[StBernard] Louisiana flunks at enforcing air, water laws, EPA inspector general says
westley at da-parish.com
Tue Dec 13 08:52:06 EST 2011
Louisiana flunks at enforcing air, water laws, EPA inspector general says
Published: Monday, December 12, 2011, 8:40 PM
By Mark Schleifstein, The Times-Picayune
Louisiana is among the worst states at enforcing federal clean air, clean
water and hazardous waste laws, and the Environmental Protection Agency
should either force Louisiana and fellow laggards to do a better job, or
enforce the laws itself, according to a report released Monday by EPA's
The Calumet Specialty Products Partners refinery in Shreveport.
The report does not spotlight specific environmental problems caused by
Louisiana's lax regulatory regime, focusing instead on a broad failure to
carry out required inspections and cite violators. It concludes that the
weak enforcement might be driven in part by "a culture in which the state
agency is expected to protect industry."
Citizen groups have frequently targeted the state agency charged with
enforcing federal environmental laws: the Louisiana Department of
Environmental Quality. One complaint against DEQ in 2001 triggered a
comprehensive audit by the EPA, resulting in major changes in state
Read the report
Inspector general's report: EPA must improve oversight of state enforcement
But even with the changes, Louisiana ranks so low compared with other states
in the percentage of major facilities inspected, the number of violations
found at those facilities, and the frequency in which the state issued a
penalty for violations that the inspector general's office highlighted it in
the new report.
"Although the state has completed the recommended actions, the state's poor
performance persisted," the report said. Louisiana, it notes, still has the
lowest enforcement activity level in EPA's Region 6, which also includes
Arkansas, New Mexico, Oklahoma and Texas.
"State, EPA regional, and external interview responses attributed
Louisiana's poor performance to several factors, including a lack of
resources, natural disasters, and a culture in which the state agency is
expected to protect industry," said the report, signed by EPA Inspector
General Arthur Elkins.
The EPA generally delegates enforcement of federal environmental laws to
state-level agencies. In Louisiana, DEQ has "primacy" in enforcement of the
Clean Water Act, Clean Air Act, and the Resource Conservation and Recovery
Act, which regulates storage and disposal of hazardous waste.
DEQ defends enforcement
DEQ officials said the agency has not had time to review the statistics used
in the inspector general's report. But they said they do not believe the
state's enforcement record is accurately represented.
Spokesman Rodney Mallett said the state contends it has successfully
inspected 50 percent of major permit holders each year, which would be
equivalent to the agency's goal of inspecting 100 percent every two years.
He said the agency issued 1,953 enforcement actions in fiscal year 2001. The
report, however, does not compare total enforcement actions between states.
Instead, it examines the number of actions, and the time taken to issue
them, in comparison to the number of industries regulated, and on those
counts, it found Louisiana lacking.
Enforcement Division Administrator Celena Cage said volunteer educational
programs aimed at improving compliance seem to be working.
"They're not required by any program of EPA, but we're finding that as a
result of those programs that compliance is being achieved at a much higher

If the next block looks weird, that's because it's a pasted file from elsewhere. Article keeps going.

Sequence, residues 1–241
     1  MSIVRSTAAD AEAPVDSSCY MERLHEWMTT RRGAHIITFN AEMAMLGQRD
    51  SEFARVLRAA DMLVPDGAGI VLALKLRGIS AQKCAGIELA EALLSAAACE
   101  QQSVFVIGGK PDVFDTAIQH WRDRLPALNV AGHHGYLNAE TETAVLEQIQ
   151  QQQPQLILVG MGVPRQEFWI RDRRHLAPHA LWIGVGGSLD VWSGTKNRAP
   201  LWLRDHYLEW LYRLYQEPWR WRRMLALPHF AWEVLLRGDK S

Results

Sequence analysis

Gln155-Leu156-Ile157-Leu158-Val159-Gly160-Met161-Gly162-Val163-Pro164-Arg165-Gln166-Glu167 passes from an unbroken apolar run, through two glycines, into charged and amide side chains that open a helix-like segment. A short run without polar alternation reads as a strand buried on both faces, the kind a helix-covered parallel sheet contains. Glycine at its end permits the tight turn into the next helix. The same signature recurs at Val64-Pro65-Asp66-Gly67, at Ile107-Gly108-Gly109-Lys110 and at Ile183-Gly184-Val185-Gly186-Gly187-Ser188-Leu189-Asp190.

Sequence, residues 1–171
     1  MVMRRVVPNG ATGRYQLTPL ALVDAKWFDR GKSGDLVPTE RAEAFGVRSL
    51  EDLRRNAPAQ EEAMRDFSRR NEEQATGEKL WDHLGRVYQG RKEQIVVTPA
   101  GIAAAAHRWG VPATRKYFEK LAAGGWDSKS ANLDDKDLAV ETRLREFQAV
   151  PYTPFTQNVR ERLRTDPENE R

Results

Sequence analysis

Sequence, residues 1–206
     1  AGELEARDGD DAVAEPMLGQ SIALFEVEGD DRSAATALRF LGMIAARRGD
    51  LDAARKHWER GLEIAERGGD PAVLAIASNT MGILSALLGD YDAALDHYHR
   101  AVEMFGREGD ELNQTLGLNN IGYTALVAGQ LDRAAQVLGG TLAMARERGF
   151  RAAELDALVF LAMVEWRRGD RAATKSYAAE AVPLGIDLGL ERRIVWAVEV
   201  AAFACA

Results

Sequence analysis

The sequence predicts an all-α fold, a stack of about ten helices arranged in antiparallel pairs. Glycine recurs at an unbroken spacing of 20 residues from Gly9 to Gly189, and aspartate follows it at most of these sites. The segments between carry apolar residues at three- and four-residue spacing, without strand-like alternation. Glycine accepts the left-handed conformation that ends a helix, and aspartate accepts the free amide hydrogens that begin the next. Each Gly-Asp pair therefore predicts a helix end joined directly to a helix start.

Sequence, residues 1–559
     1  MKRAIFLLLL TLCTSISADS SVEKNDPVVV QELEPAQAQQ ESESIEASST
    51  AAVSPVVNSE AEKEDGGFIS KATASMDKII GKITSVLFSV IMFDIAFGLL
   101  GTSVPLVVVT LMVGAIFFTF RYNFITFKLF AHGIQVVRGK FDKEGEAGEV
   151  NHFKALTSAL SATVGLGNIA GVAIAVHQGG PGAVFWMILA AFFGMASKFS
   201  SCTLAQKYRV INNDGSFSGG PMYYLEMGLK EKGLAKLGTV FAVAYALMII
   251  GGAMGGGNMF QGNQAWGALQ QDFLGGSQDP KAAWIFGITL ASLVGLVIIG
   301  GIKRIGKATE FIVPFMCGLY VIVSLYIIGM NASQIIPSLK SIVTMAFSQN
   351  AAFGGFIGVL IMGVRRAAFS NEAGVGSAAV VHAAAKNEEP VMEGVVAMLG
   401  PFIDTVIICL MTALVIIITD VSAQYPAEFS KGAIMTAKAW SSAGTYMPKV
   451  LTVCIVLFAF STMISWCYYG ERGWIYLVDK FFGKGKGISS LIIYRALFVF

rate, and therefore the need for traditional enforcement activities has been
decreased," Cage said.
The report's criticisms come as no surprise to several Louisiana
environmental groups, including the Louisiana Bucket Brigade and the
Louisiana Environmental Action Network, both of which have repeatedly pushed
EPA to come down on the state.
A complaint filed by LEAN, which represents more than 100 environmental
groups in the state, led to the 2001 audits.
"It is an outrage that Louisiana is at the bottom of the list for
enforcement even though we are one of the most industrialized states in the
nation," said LEAN Executive Director MaryLee Orr. "This report reinforces
what we have been observing over time. We have been aware over the last
decade that the chemical and oil and gas industry seems to have a constant
presence and influence over decisions that are made by the staff at LDEQ."
The Bucket Brigade have filed successful suits in federal court to enforce
the Clean Air Act against Murphy Oil and Chalmette Refining in St. Bernard
"Both the Murphy and Chalmette refineries were found guilty of violating the
Clean Air Act for violations that had been on the record for years," said
Bucket Brigade director Anne Rolfes. "They had been sitting in DEQ files
gathering dust for years, when what should have happened was agency
The report agrees with the state's contention that comparing the enforcement
records of individual states, as it did, can be difficult, or even
misleading, and recommends that EPA develop metrics to measure state
enforcement activities. Those metrics would be used to develop a state
performance scorecard to track enforcement activity.
The report also recommends giving EPA's Washington-based Office of
Enforcement and Compliance Assurance the authority to oversee a nationwide
enforcement program, rather than the present system, which divides those
duties among 10 regional offices.
The report also recommends establishing "a clear and credible escalation
policy" under which EPA would intervene when states don't enforce federal
environmental laws. One such intervention could have occurred when Louisiana
and EPA manpower was lacking to enforce the federal environmental laws in
the aftermath of Hurricane Katrina, the report said.
Mark Schleifstein can be reached at mschleifstein at timespicayune.com or
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